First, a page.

Markets stayed in the red as Trump pokes the patient dragon

Markets stayed in the red as Trump pokes the patient dragon

The hubris of Donald Trump knows no bounds. Today the POTUS seemed intent on antagonising Chinese leader Xi Jinping, with his next instalment of unnecessary waffle surrounding the hows and whens of a potential first phase of trade war resolution. Similarly, in the UK, the equally uninspiring candidates on both sides have offered little recourse for dwindling investor enthusiasm, as general election day nears the month-away mark. The overall response of markets has been one of gradual slump. Nothing earth-shattering, but a climb-down from the progress made at the end of October by the pound, and a slowdown on the Dow’s bounce on Monday.

Speaking on the uninspiring events of the day, Spreadex Financial Analyst Connor Campbell stated,

“Friday’s mixed trade deal signals continued, unsurprisingly, once Trump got involved.”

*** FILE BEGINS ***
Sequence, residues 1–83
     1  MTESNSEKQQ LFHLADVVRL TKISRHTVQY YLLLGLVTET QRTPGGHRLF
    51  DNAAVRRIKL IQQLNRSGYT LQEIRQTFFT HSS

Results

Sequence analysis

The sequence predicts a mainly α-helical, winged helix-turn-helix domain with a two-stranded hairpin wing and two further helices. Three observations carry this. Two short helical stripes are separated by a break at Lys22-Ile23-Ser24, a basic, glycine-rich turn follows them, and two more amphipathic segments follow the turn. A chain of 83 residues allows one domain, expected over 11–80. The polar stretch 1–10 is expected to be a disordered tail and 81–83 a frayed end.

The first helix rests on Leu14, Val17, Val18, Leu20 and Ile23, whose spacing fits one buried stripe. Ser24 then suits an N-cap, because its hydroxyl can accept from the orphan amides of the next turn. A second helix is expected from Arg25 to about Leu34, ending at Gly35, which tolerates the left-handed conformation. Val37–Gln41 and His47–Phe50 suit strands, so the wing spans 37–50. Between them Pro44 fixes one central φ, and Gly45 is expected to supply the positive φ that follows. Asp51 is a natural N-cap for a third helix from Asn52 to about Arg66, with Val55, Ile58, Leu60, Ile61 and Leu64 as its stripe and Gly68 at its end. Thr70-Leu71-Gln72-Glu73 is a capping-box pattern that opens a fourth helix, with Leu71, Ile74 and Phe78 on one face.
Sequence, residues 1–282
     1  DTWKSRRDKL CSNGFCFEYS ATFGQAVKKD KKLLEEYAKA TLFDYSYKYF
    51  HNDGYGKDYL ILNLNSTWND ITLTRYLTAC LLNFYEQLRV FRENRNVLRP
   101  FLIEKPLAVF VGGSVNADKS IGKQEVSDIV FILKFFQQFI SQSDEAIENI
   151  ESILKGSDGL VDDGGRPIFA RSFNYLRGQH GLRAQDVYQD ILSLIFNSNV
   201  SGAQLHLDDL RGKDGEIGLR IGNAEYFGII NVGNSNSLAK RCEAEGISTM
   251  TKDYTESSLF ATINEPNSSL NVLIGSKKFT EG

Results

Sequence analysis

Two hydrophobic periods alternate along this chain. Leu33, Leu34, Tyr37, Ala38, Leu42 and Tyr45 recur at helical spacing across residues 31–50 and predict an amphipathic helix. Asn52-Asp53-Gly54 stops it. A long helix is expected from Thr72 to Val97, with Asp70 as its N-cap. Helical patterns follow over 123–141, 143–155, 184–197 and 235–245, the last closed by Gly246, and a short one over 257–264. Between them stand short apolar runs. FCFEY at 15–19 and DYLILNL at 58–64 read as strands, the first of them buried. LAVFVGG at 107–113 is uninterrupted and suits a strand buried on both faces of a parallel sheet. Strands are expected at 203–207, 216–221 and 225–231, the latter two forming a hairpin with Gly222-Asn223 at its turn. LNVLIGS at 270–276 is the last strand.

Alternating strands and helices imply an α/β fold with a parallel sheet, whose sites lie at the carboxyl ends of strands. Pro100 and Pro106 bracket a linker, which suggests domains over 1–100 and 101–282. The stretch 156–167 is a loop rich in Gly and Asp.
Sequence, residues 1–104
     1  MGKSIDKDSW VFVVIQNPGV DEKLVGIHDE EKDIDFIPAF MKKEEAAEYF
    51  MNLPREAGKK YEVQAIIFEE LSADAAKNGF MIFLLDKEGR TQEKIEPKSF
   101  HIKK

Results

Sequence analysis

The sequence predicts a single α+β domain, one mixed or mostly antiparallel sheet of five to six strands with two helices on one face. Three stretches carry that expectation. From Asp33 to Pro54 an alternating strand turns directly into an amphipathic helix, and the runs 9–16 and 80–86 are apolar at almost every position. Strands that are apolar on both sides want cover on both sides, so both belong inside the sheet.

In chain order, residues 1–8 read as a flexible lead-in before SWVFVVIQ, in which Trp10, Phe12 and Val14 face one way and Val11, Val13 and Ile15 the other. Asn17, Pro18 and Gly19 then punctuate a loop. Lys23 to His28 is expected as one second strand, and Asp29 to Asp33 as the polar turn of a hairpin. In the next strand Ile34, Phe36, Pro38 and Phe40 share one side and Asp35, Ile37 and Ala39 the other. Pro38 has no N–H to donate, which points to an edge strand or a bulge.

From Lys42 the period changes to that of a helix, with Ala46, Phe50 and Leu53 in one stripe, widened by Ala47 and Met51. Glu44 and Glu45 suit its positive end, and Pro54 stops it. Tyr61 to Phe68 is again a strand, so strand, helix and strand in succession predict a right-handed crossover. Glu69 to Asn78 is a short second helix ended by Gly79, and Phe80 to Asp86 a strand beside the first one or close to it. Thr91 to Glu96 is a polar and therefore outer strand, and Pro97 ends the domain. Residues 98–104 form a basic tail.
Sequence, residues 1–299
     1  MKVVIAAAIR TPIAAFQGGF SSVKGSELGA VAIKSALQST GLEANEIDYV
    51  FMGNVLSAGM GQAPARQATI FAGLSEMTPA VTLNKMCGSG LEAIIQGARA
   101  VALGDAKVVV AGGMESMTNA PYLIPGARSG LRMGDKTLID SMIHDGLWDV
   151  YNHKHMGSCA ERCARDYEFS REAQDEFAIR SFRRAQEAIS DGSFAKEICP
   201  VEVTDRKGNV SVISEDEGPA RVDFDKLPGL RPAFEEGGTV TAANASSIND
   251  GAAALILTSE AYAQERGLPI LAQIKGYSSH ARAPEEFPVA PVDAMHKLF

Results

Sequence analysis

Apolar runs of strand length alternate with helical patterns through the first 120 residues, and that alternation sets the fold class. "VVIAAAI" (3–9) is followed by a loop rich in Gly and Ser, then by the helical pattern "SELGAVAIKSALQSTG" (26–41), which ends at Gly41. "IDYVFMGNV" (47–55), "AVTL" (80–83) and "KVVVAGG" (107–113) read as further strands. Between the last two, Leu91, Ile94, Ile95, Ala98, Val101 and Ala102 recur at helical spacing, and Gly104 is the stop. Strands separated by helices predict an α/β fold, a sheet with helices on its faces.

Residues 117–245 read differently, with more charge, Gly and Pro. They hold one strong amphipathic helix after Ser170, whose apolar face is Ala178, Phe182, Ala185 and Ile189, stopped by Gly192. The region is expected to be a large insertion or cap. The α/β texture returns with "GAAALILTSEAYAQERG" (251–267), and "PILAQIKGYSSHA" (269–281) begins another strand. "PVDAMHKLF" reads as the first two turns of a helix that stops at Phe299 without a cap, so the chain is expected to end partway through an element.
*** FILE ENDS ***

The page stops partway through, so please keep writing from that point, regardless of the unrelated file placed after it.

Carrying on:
“The President said he has not agreed to roll back tariffs, as China claimed on Thursday, going on to claim that Beijing wants the deal ‘much more’ than he does. He also stated that the agreement would be signed in the USA, a detail that no doubt won’t go down well with Xi Jinping and co.”

“Though this didn’t spark mass panic, it did ensure that the markets remained in the red as the session went on. At the end of a week that has seen it repeatedly strike fresh all-time highs, the Dow Jones trickled 0.2% lower, returning to 27600 in doing so.”

“The DAX shed 50 points, taking it under 13230, while the CAC missed out on 5900 as it lost a handful of points. Weighed down by its commodity and banking stocks, the FTSE was the worst hit, falling as much as half a percent as it abandoned 7400.”

Low moments from the week included disappointing Lloyds Banking Group (LON: LLOY) results and Deutsche Bank (ETR: DBK) reporting losses during the third quarter.

“Each day takes us closer to December 12th’s general election, a fact not lost on the pound. The week has seen it gradually unwind the gains seen at the end of October, this chipping away leaving cable at a 3-week-plus low of $1.2807. Against the euro, meanwhile, sterling fared far better, spending much of early November the right side of €1.1162.”